United States natural gas futures has soared over the past month as supply disruptions amid high demand and low inventories have pushed commodity prices higher.
The flow of Russian gas to Europe is currently at a 40-year low as the EU plans to reduce its dependence on Russian imports. Additionally, the ongoing outage at Freeport, the United States’ second-largest liquefied natural gas (LNG) export facility, is raising concerns about market supply.
The Freeport facility was closed on June 8 after an accident, the company reached an agreement with the Pipeline Hazardous Materials Safety Administration (PHMSA) to resume partial operation in October.
First-month Henry Hub natural gas futures traded on the New York Mercantile Exchange (NYMEX) rose to $8.868 per million British thermal units (MMBtu), up 40% from the previous month.
The NYMEX September contract hit a high of $8.874/MMBtu on August 11, although the price has since fallen slightly, remaining around 14 years.
Historical Performance of Natural Gas Futures
The price of natural gas has hit new multi-year highs since March as sanctions on Russia following the country’s February 24 invasion of Ukraine led to a ban on oil imports, Russian coal and gas in much of the world.
According to the International Energy Agency (IEA), Russia is one of the world’s top three producers of crude oil and the second largest producer of natural gas after the United States. Oil and natural gas revenues accounted for 45% of Russia’s federal budget in 2021.
Sanctions against Russia and the resulting impact on the country’s exports led to volatility in spot gas prices globally, particularly in Europe, which was heavily dependent on Russian gas.
As a result, the price of natural gas in the United States rose for most of the year and hit a 14-year high of 9.34 MMBtu on June 6. The last time the US natural gas futures price topped $9/MMBtu was in June 2008, when the commodity briefly peaked at $13.45/MMBtu, according to NYMEX data.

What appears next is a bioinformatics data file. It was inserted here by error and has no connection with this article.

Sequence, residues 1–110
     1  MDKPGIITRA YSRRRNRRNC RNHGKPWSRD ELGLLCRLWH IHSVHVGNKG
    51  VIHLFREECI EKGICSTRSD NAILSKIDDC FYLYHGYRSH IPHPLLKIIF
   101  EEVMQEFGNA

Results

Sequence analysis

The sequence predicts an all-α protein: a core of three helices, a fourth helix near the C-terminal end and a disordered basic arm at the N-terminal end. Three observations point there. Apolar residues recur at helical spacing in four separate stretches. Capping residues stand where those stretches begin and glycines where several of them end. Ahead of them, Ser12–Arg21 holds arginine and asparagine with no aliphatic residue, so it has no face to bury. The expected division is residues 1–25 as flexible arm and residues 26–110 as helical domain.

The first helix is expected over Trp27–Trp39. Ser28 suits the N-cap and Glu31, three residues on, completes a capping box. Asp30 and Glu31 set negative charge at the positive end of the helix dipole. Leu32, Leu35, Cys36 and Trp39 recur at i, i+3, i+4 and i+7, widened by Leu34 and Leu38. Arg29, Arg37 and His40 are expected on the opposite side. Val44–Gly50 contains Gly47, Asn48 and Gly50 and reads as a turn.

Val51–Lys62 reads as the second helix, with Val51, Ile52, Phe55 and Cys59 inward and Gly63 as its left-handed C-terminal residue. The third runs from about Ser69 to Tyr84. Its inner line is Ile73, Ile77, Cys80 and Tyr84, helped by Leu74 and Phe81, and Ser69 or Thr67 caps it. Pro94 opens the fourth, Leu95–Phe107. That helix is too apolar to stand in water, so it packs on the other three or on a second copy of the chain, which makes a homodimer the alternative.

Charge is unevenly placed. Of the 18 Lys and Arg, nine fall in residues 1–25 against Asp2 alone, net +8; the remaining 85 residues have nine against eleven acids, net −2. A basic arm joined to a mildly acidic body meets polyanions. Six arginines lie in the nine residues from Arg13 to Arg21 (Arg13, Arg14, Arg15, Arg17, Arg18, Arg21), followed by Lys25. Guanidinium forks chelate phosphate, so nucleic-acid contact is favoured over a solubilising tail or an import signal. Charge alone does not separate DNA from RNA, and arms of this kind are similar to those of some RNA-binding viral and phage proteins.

Prior to 2022, natural gas spot prices were below $4/MMBtu in the first half of 2021 before briefly recovering to $6/MMBtu, but ended the year below $4/MMBtu.
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What are natural gas futures contracts?
The NYMEX natural gas contract in the United States is the reference price in the country. The benchmark price is also known as the Henry Hub, named after a gas pipeline in Louisiana, which serves as a delivery point for NYMEX contracts.
According to NYMEX, Henry Hub natural gas futures are the third largest physical commodity futures contract in the world by trading volume. NYMEX futures contracts are closely tied to spot natural gas prices, reducing potential arbitrage between the two markets.
Trades for gas spot prices are made daily off-exchange during weekdays, with buyers and sellers guaranteeing volume at physical market prices one day before delivery. In contrast, the specification of the futures contract is for forward delivery with a minimum contract unit of 10,000 MMBtu.
EU imports record volume of US LNG
In the past, Europe has relied heavily on Russian natural gas, accounting for around 45% of total EU imports.
With Russia limiting the flow of gas through pipelines, Russian exports to Europe have plunged to a nearly 40-year low. According to data from the US Energy Information Administration (EIA), Russian exports of natural gas through pipelines to the EU and the UK fell by almost 40% in the first seven months of 2022, compared to the same period last year.
Russia’s average gas exports to the EU and UK fell to 1.2 billion cubic feet per day (Bcf/d) in mid-July, down from the 10 average, 9 Bcf/d in 2021 and 12.4 Bcf/d in 2020 and 16.0 Bcf/d in 2019, EIA reports Aug. 9.
“To compensate for declining gas pipeline exports from Russia, the EU and the UK have been importing record volumes of liquefied natural gas (LNG) this year, particularly from the US,” the EIA said.
According to the US Department of Energy, Europe accounted for 64% of US LNG exports from January to May 2022, compared to 32% in the same period of 2021.